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Weekend column Dichotomy between additional logistics costs & highways of the future

Africa is embarking on ambitious projects. The latest, the start of 2021 is marked by the start of the AfCFTA. One is entitled to wonder if all these programs are calibrated enough to satisfy future generations?

 

 

By Daouda MBAYE

 

If it is enough to set up a highway just for the prestige of having it, we will not save its widening or repair, if it is not in dense asphalt or protected throughout its length, a few years after it was put into circulation. The highways of the future, which go beyond “4 lanes”, consider from their conception, demography, changes in uses and behavior, and are based on prospects for sustainable development, taking into account future generations.

The gestation of the AfCFTA can end in a miscarriage, if from now on non-tariff measures in the form of national standards – you know, these subtle barriers which are hidden – are erected here and there.

The least that can be said is that it requires additional costs. It is obvious to say that a highway of the future oversizes a project. This is the fair price to pay to avoid, at the same time, reinvesting for almost all of the starting amounts, less than a decade after the launch of a structure, of wasting time and a number of inconveniences.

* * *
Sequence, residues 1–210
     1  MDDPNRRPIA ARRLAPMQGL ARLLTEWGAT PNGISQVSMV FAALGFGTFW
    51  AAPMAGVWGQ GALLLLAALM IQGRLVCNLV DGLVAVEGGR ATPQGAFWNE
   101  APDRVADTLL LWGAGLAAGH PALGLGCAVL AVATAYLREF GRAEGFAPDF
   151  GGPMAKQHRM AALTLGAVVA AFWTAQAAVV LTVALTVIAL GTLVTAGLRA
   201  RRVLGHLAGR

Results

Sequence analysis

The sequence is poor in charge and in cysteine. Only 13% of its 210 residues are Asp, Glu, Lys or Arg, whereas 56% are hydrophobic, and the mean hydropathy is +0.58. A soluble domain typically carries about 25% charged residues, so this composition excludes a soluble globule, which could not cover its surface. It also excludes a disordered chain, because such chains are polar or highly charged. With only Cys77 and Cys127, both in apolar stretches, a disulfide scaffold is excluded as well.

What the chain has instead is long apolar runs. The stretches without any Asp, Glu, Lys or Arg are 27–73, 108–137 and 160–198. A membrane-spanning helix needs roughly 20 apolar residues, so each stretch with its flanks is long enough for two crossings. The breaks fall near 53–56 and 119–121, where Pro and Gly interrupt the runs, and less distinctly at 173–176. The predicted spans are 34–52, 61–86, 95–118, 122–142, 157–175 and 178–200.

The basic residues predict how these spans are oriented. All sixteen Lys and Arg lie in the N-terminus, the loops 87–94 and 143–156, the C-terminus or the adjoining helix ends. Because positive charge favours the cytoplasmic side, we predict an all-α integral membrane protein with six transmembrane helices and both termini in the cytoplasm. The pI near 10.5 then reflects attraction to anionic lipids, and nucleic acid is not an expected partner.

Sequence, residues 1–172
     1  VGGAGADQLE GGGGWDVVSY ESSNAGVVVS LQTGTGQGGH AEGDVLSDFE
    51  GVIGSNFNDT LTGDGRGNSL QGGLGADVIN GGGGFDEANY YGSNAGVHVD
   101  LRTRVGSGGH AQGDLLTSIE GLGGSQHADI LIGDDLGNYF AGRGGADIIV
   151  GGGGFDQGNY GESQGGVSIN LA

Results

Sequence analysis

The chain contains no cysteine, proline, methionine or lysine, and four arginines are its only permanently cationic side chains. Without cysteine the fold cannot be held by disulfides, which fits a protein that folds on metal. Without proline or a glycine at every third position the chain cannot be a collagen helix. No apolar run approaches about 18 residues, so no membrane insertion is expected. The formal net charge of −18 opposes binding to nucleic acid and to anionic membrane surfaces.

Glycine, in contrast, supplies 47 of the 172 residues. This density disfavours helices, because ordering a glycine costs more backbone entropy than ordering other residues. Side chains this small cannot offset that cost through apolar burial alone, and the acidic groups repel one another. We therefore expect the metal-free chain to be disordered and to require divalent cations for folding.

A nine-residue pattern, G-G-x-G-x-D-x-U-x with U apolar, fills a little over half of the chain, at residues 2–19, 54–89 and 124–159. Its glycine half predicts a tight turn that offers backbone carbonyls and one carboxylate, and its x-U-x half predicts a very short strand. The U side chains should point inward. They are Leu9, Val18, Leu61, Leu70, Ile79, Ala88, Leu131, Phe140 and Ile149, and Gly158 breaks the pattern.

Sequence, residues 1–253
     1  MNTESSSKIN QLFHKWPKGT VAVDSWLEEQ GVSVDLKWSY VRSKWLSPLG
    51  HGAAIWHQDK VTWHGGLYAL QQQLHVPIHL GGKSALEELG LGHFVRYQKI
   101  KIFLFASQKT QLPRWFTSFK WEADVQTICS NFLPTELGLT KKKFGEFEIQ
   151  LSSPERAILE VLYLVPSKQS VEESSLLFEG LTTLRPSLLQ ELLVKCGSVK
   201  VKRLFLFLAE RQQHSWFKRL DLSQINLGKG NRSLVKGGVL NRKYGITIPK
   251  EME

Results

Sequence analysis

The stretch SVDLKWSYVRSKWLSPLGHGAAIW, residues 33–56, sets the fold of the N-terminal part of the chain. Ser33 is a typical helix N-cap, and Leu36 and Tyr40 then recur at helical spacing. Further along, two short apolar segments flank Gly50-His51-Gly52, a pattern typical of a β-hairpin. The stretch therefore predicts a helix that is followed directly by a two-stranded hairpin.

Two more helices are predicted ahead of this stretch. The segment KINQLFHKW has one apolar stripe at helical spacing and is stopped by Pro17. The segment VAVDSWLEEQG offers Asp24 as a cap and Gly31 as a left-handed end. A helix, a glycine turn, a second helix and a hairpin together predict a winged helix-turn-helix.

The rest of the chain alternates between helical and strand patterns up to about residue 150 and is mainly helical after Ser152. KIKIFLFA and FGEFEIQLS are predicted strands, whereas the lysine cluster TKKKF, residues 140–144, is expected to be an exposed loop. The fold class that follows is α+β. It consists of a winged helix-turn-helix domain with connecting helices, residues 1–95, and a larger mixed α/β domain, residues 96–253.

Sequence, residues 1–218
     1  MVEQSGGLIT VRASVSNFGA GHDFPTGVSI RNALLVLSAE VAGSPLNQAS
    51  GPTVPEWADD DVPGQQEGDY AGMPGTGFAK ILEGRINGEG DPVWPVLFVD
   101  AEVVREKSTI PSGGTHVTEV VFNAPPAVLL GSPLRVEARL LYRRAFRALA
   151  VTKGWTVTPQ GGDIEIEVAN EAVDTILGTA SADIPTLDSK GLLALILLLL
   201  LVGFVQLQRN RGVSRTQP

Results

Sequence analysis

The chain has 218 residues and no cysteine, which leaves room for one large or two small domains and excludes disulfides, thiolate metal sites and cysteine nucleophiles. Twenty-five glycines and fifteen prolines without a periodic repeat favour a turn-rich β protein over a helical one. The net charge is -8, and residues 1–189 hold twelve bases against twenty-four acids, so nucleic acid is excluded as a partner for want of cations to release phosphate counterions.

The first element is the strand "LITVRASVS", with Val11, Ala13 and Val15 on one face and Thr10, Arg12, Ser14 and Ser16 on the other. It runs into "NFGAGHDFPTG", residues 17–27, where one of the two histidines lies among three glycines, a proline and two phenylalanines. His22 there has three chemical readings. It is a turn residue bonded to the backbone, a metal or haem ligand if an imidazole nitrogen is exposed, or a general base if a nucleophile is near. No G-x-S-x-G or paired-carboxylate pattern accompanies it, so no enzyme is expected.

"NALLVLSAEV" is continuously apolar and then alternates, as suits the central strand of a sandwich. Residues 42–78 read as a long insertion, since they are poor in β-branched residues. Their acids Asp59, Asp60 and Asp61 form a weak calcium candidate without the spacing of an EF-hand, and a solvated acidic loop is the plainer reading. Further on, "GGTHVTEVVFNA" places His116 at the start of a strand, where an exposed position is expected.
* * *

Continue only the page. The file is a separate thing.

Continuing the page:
“The gestation of the AfCFTA can lead to a miscarriage, if from now on non-tariff measures are erected here and there”

 

As with this large single market of more than 1.2 billion consumers, if a real desire to trade in both directions is not the basis, we will have a pipe dream. Trade calls for two-way trade, mercantilism is more opportunistic and tends to erect protectionism on its doorstep.

 

Managing these highways, these transnational standard gauge railway lines well means taking environmental protection head-on and above all overcoming petty police corruption without compromising on safety and security. . In this chapter, the regulation of corridors, free from much hassle and both formal and informal levies, is essential. Otherwise, as with the non-tariff barriers to the single market, which will end up shrinking, costs will weigh a little more on logistics that are not commensurate with the goods transported. Additional costs in terms of delays, security… which will make our markets less competitive and therefore deserted.

Ultimately, it is about adapting the sites to better serve the populations of today and tomorrow.

 

Daouda MBAYE

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